Lockdown or no lockdown in Belgium?

People and pigeons eat take away food outside a Friterie, as Cafes and Restaurants were forced to close for four weeks, after a Belgian federal government decision in order to tackle a surging second wave of the coronavirus disease (COVID-19) in the country, in Brussels, Belgium, 20 October 2020. [EPA-EFE/OLIVIER HOSLET]

With rising infections rates, health experts and politicians are torn whether to return the country into a full lockdown as in spring or continue targeted partial measures.

The confusion comes as more and more health experts have spoken out in favour of a reinforced strategy to counter the surge in infections.

Belgium was “heading straight towards a wall” and that a lockdown was the only option left, microbiologist and former Sciensano spokesperson Emmanuel André said in a recent statement on RTBF.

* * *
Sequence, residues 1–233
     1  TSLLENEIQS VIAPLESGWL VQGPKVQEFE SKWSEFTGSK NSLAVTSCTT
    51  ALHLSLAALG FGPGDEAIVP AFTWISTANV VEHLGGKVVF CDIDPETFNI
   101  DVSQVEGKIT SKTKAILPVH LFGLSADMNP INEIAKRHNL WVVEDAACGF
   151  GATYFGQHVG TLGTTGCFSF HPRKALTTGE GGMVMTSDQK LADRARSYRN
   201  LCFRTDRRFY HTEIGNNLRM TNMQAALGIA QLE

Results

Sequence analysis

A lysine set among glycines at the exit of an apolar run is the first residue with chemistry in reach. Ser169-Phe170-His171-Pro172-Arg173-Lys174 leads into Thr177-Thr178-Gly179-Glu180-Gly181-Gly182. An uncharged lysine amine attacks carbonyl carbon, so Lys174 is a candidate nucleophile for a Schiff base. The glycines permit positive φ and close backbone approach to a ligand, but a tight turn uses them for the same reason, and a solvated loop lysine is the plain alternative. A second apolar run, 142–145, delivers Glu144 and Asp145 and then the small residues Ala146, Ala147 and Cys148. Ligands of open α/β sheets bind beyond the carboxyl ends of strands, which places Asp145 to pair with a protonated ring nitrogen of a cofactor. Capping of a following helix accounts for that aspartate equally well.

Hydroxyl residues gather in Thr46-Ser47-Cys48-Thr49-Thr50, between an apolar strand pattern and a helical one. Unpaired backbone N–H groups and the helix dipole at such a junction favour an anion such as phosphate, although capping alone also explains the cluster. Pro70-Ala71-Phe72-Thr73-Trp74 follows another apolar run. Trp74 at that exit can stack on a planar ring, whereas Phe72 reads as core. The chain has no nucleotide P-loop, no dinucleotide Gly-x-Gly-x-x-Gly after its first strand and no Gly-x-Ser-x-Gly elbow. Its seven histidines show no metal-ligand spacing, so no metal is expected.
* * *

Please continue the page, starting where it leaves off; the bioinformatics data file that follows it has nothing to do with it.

“Every day counts” and “a lockdown is all the more effective when it is set up quickly,” he added.

His words were echoed by Belgium’s top virologist Marc Van Ranst, who tweeted that “a short strict lockdown” of about four weeks would avoid “a much longer semi-lockdown period that will eventually exhaust and frustrate everyone.”

Health Minister Frank Vandenbroucke had said last weekend the country was “close to a tsunami” of new infections, particularly in Brussels and the French-speaking Wallonia region.

Belgian authorities play down comparisons that show Belgium as Europe’s worst-hit country, saying its high population density, differing methodologies in collecting death statistics and high testing rates all make such comparisons difficult.

At the same time, the national Consultation Committee, the body in which all sub-governments sit together, on Thursday was set to introduce new measures to restrict audiences for sports competitions, reduce spectator numbers in theaters, cinemas and concert halls to 200 and cancelled most indoor activities for youth movements.

Hard-hit Belgium faces second COVID-19 lockdown

Belgium could order another lockdown to curb the spread of COVID-19 infections as early as next week, a spokesman said, as the country grapples with a new wave of the virus potentially as serious its first last spring.

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